I do think the Jazz will look at some smart cost-cutting moves during the season if they feel the trade would allow the team to continue to win at a high level.

That could mean any number of names from Bojan Bogdanovic, to Joe Ingles, to Jordan Clarkston, etc.

Those decisions probably haven’t been made yet and may depend on the performance of Gay, Butler, Trent Forrest, and Eric Paschall.

If one of those guys looks to be an obvious fit in the top eight of the rotation at a fraction of the cost, the Jazz could probably make a smart move to both save cash and build up their draft cache.

A lot of people were concerned about the wear and tear of last season’s quick turnaround after the abbreviated summer/fall period. And, it did feel like we saw a significant number of injuries, though it’s hard to say whether there was a direct relationship between the two things.

With that said, I have my concerns for this season. Certainly playing as many games as they did between the bubble and the most recent playoffs was going to take a toll on NBA players bodies, but I haven’t heard many people talk about what the total cost will be after mixing in travel from this past season and the number of games played in the condensed schedule.

With that in mind, I wouldn’t be surprised if we see lots of rest for players across the league to prevent major injury, and that could easily include Quin Snyder after the Jazz were burnt by injuries to Mike Conley and Donovan Mitchell last season in the playoffs.

Considering the money Chris Paul (four years $120 million) and Kyle Lowry (three years $90 million), bringing Conley back on a three-year deal worth roughly $70 million, and the final year being only partially guaranteed seems like a great deal for the Jazz.

Also Rudy Gay has been a favorite of Jazz GM Justin Zanik for some time, and he seems to fit the team’s winning timeline relatively well. I don’t know what to expect from Whiteside, and that will be one of the biggest question marks heading into the season as it could go a lot of different ways.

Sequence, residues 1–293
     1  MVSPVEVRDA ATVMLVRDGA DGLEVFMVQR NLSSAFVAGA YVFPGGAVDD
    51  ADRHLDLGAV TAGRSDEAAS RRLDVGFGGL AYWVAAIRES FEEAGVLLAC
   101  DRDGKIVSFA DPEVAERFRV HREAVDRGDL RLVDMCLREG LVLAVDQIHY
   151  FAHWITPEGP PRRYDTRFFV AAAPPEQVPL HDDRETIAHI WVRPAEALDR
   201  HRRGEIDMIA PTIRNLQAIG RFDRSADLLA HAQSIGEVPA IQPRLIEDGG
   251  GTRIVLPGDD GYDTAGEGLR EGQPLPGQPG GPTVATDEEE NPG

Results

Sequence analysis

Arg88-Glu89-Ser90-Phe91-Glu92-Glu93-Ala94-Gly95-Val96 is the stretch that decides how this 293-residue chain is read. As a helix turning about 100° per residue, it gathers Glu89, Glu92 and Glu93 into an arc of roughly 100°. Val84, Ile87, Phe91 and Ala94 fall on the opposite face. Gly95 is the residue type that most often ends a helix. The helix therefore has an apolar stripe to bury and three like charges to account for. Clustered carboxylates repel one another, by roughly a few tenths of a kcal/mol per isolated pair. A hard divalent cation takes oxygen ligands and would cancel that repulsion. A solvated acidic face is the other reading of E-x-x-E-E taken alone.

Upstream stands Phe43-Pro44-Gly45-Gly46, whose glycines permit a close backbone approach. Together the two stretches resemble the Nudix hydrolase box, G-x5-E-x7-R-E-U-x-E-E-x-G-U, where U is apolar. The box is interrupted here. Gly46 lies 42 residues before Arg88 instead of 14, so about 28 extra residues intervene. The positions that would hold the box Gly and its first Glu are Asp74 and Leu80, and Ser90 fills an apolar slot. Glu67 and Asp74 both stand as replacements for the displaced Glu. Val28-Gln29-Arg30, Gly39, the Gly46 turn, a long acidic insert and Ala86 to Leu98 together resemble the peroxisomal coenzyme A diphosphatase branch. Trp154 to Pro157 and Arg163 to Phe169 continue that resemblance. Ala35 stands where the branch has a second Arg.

Finally, as mentioned above, I really liked the Jared Butler selection in the draft, and getting him plus two additional second-round picks could be the steal of the offseason.

For the summer as a whole, I’d give the Jazz a solid B+ or A- as they still had to make some difficult cost-cutting moves including a first-round pick, but overall very solid.

I don’t know how many teams in the West got significantly better, those the Los Angeles Lakers should improve just by being healthier.

The Suns had to bring Paul back regardless of the cost and they did. They also got Cameron Payne at a discount, and I like the addition of JaVale McGee and Landry Shamet.

However, the loss of Jevon Carter and Torrey Craig cut hurt them at times next year defensively.

If the Miller’s were still the majority owners, what do the very specific moves the front office has made this summer look like?

This question came via direct message on Twitter, which are always open if you want to send me a question for the podcast.

The new Jazz ownership is making an enormous financial investment into this team to win now, which is something the Miller’s always said they’d be willing to do for a championship.

Yet, we never truly saw them spend that money without a championship guaranteed.

So, it’s hard to say what the Miller’s would or wouldn’t have done, but my gut tells me Mike Conley might be playing somewhere else if Smith hadn’t bought the team last season, especially with the huge investments made in Donovan Mitchell, Rudy Gobert, and Jordan Clarkson last summer.

I could be wrong, and make no mistake, the Miller’s were very good NBA owners, but what Smith is doing feels different.